Most of us want to resist, avoid, or even deny our unresolved trauma. It was bitter to taste, difficult to chew, and even more disgusting to swallow when it originally happened. Who would want to revisit that again? Yet, I would argue, having the trauma stay in our system is worse. Remember the emotional sepsis I was talking about? How about the emotional diarrhea and emotional constipation? Many of us were never taught basic mental health literacy skills, that is, how to digest toxic emotional food in healthy ways.

Professional Help

If you can access therapy, I do encourage it. You should not have to live with rock hard poop in your gut or explosive squirts in your underwear. Allow me to share some goals that you might be interested in working on with a mental health professional:

  1. Distinguishing between nutritious vs. toxic emotional food, especially when they get served together in the same meal

  2. Releasing negative internalized messages that make it hard to poop with ease or confidence
  3. Stopping the habit of cleaning up poop that really belongs to someone else
  4. Pooping alongside fellow poopers for cultural or intergenerational solidarity

Drama Therapy Demystified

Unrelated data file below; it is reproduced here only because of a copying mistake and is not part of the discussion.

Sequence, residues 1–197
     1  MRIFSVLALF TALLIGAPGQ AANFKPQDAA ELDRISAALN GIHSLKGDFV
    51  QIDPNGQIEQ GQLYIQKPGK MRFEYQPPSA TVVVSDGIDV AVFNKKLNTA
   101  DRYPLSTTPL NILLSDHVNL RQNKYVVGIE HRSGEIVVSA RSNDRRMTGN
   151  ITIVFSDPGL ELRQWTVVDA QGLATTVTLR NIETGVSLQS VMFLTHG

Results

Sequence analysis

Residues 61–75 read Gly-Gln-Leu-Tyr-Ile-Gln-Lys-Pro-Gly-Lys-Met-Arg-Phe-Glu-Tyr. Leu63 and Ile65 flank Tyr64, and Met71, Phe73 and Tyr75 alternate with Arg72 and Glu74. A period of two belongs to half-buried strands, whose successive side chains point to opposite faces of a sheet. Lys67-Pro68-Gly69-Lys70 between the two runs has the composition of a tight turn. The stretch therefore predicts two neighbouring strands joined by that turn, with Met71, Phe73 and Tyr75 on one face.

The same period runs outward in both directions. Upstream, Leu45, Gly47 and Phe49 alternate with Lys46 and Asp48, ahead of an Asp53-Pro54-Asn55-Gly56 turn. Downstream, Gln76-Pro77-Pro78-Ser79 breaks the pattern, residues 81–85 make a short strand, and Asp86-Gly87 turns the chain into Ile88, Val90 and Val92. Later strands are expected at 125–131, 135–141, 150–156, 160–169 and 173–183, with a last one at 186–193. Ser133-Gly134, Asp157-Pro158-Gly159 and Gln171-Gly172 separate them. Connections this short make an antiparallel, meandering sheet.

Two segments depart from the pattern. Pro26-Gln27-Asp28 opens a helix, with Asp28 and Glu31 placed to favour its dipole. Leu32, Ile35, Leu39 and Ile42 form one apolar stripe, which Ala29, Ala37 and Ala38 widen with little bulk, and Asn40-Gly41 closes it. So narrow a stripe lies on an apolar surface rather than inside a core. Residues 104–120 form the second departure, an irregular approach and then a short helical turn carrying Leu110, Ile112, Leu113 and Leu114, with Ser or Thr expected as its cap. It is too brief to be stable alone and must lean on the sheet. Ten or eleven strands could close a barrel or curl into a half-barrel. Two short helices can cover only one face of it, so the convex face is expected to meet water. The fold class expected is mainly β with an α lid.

If a silly metaphor about poop made it easier for you to address a serious issue, like COVID-19, then I am thrilled. That means that you have tasted the power of play, which is my secret sauce as a drama therapist for healing trauma. To me, play is this endlessly adaptive, almost magical, multipurpose tool that always seems to bring out the best in people, including myself. It gives us the flexible “oomph” to go to the places in our personal and collective psyches that are most needing care.


Pooping out trauma is easier said than done though. That is why I recommend venturing beyond traditional talk therapy, if that piques your interest. Drama therapy is a specialized form of play, which does wonders for pooping problems, especially when paired with trauma-centered psychotherapy. Play and trauma are not words you commonly hear in the same sentence. But the combination is highly effective. Just check out these stats from the Post Traumatic Stress Center located in New Haven, Connecticut—their average drop-out rate for clients who are in verbal-only therapy treatment is 15%, whereas it is only 4% for clients who are also using drama therapy.